Gut microbiome dysbiosis and women's hormones

March 2022
By Talida creator of Hazel & Cacao

Talida of Hazel & Cacao

The field of gut health is relatively new in science and recently microbiome research has exploded, however there is still much that is unknown. My aim for this article is to outline the main types of gut imbalances that can occur and the consequent hormone imbalances that usually follow.

The gut microbiome is a collection of trillions of different micro-organisms living inside the intestinal tract. While bacteria have been the main focus of research in the last few years there are also viral, fungal, protozoa biomes as well, all of which should live in harmony with one another and our bodies. The microbiome is responsible for digesting the foods we eat as well as absorbing and synthesising nutrients. It also plays a huge role in regulating hormones, metabolism, immunity as well as mood and brain health (10). Any imbalance in the gut microbiome or “dysbiois” can lead to digestive discomfort and influence many different disease states.

So how does the microbiome become imbalanced? Some people may be born with a disadvantaged microbiome eg. by being born via c section (so they are not exposed to the beneficial bacteria within the vaginal canal) or were not breastfed (as breastfeeding feeds and diversifies the microbiome). Other things that can interfere with the microbiome is the widespread and repetitive use of antibiotics (1) as well as pain relief drugs like NSAID’s and other medications like PPI’s, antidepressants (2) and hormonal birth control, specifically oestrogen-containing hormonal birth control and HRT methods (3). Diet and lifestyle factors such as stress, anxiety, depression, alcohol, smoking and exercise also impact and change the gut microbiome, in fact, the diet itself is the largest contributing factor to gut dysbiosis (4). Generally speaking diets high in sugar, animal protein and saturated fat starve the microbiome or cause an overgrowth of unwanted microbes. Furthermore, people who do not eat enough e.g. eating disorders or undergo elimination diets or restrictive weight loss diets for prolonged periods of time also starve the microbiome of beneficial bacteria (11). In contrast, a diet rich in a wide variety of fibre containing plant foods and resistant starch (prebiotics) and a small amount of fermented foods (probiotics) feed beneficial gut bacteria and improve microbial diversity (10). Fibre and resistant starch feed the microbes in the gut which in turn create various compounds known as short chain fatty acids. These short chain fatty acids create a myriad of different healthful affects on the body including strengthening and maintaining the integrity of the gut lining and improving immune function. A diverse microbiome has been consistently associated with health and prevention of many chronic diseases (10).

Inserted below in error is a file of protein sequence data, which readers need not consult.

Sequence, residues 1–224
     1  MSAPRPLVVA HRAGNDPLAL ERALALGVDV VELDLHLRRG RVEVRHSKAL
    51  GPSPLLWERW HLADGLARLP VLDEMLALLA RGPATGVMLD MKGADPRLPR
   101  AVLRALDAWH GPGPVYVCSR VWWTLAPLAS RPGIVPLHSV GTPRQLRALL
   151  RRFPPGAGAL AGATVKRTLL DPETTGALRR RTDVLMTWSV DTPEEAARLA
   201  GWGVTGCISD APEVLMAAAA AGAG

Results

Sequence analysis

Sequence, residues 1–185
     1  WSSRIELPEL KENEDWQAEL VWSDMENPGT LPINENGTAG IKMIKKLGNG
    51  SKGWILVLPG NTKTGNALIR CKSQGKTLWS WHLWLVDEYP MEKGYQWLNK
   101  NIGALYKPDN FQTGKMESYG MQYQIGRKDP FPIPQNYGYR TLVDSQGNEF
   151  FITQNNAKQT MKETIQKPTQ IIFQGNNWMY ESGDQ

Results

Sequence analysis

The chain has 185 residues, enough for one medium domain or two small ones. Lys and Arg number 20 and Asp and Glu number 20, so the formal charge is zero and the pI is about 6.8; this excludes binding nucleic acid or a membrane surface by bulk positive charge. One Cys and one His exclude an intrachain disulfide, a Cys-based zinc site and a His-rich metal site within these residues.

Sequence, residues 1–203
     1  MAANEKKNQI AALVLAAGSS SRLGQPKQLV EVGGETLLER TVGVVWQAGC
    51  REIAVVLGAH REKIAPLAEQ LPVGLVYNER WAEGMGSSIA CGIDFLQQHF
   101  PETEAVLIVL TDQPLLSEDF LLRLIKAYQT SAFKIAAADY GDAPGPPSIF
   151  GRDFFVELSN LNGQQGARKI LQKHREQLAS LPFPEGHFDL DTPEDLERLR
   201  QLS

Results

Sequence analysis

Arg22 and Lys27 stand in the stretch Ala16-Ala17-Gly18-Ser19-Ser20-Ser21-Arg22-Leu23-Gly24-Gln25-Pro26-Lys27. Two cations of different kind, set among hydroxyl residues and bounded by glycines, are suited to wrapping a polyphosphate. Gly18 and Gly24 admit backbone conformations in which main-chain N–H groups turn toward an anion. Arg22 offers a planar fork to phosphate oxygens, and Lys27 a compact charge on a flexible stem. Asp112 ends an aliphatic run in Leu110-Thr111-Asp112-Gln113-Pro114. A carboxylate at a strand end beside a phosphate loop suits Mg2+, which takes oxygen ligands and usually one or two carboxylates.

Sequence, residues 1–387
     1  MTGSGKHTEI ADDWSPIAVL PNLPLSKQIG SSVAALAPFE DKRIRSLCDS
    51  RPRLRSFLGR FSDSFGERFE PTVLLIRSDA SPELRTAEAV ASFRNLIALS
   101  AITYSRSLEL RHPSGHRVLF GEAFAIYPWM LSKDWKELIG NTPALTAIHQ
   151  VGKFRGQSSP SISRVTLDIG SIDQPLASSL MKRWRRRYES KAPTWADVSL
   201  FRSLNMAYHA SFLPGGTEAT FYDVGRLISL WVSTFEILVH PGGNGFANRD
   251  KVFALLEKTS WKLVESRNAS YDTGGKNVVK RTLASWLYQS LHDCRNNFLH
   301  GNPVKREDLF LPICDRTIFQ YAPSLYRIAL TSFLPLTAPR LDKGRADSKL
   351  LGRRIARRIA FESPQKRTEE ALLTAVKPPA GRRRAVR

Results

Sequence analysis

There is no perfect microbiome because every microbiome is unique however problems can arise when there is variability in the quantity of some microbes in comparison to others. Broadly there are two main types of imbalances that can occur: 1. overgrowth of some bacteria or yeasts 2. absence or insufficiency of some types of beneficial bacteria or low overall microbial diversity.

Often but not always these imbalances feed and influence each other. For example an overgrowth of some bacteria will compete with nutrients needed from other bacteria to thrive, this then starves the other bacteria leading to lower diversity. IBS is a blanket term that relates to any number of these imbalances. In my opinion the term IBS can be considered interchangeable with dysbiosis.

Overgrowth

Dysbiosis generally starts in the large intestine because the large intestine houses the largest number and concentration of microbes. An overgrowth of opportunistic bacteria (usually gram negative bacteria which secrete endotoxins called LPS) (15) can move up and down the GI tract. It can lead to a disrupted vaginal microbiome which can cause recurrent vaginal infections eg. thrush or can move up and cause SIBO (small intestinal bacterial overgrowth. SIBO is defined as a bacterial population in the small intestine that exceeds the norm (5) the type of bacteria present can influence the type of symptoms felt. An overgrowth of bacteria in the small intestine is one of the factors that can sometimes lead to “leaky gut” or “increased intestinal permeability.” Leaky gut occurs when the integrity of the gut lining in the small intestine is compromised, this means that different food particles and byproducts that should remain in the intestines can leak through the intestinal wall and into the blood stream. This causes wide spread inflammation and activates the immune response.

The large intestine is home to the estrobolome, which is a specific subset of bacteria responsible for managing the excretion and absorption of oestrogen. An enzyme called beta-glucuronidase is responsible for unpacking the inactive oestrogen that was packaged by the liver reactivating it and sending it back into the circulation. If there is too much of the bacteria that produce beta glucuronidase then too much oestrogen can re enter the circulation (9). The liver and the gut are the main organs responsible for excess oestrogen, the ovary very rarely produces too much oestrogen. SIBO has also been shown to create B vitamin deficiencies, in particular vitamin B12 and potentially vitamin B6 (18) which is needed to help metabolise oestrogen properly in the liver, another reason why an overgrowth of bacteria leads to oestrogen dominance.